The Fly Airbrushing Revolution

The Copic Airbrush system

First off, this is literally one of the more fun tools and techniques in my tying arsenal. I first learned about these cool fly tying tools a few years ago and have been using them ever since. Nowadays, you'll see a lot of tyers out there that have finally picked up on this little gem, so it's not just a passing fad. Not only can you have a blast painting poppers, but the Copic Airbrush system can be used to paint crease flies...

Smallmouth bass on crease fly popper

Crawdad bodies...

crawdad fly pattern crawfish craw

And whatever else you might have in mind.

bluegill popper fly pattern yearofthebluegill

The beauty to this little system is that you have the creative power of an airbrush but with the convenience of the patented "hot-swappable" marker system. You can literally swap from color to color in a few seconds with no clean-up in between. Not only that, but the airbrush system is portable by virtue of it's "canned air" system or you can go "plugged" with a standard craft or airbrush air compressor. Plus, it's relatively inexpensive compared to other styles of airbrushing out there.

The possibilities are really endless. From the pattern coloring patches, to the airbrushes and markers, you can really churn out a lot of different fly patterns. A fun way to get started is with our plain white bass poppers from Rainy's. It's a great way to flex your artistic muscles.

Check out the starter kits and selection of markers on our store here.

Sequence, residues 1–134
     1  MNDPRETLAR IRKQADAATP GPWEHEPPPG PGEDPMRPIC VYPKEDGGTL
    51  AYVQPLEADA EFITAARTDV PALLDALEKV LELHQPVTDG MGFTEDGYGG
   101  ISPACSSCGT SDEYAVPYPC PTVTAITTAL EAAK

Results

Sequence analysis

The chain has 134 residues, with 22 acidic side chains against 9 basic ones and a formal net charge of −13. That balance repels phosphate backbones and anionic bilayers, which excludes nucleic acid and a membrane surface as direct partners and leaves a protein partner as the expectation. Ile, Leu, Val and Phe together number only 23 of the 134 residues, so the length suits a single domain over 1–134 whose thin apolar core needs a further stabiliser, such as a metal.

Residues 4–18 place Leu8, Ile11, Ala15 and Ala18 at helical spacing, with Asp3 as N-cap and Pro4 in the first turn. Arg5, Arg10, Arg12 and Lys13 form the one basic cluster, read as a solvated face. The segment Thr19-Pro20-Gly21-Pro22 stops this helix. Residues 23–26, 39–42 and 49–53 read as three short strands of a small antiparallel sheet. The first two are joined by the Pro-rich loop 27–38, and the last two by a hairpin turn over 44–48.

To get started, here's a list of things to keep in mind:

  • The markers themselves are not fully water proof, so it's not recommended that you just color something and leave it uncoated. For my poppers, they're usually coated with something like a Clear Cure Goo or a Loon UV Clear Finish. 
  • Related to the first item, it's important to know that the UV cure products don't necessarily get along nicely with foam and especially don't like foam that's been painted with Copic markers. To get around that, I usually apply a base coat (or two) of a white acrylic paint to act as a primer. Not only does this prevent the glue from bubbling and the paint from running, but it also enhances any colors you apply to the foam because it creates a much less porous yet paint-friendly surface.
  • As opposed to what you see in the videos below, make sure to use latex or plastic gloves as the chance of getting over-spray is high when painting in tight quarters like this. 
  • If you want to get some cool patterns on the flies you tie, be sure to check out the coloring patches or the template mask shown in the video below.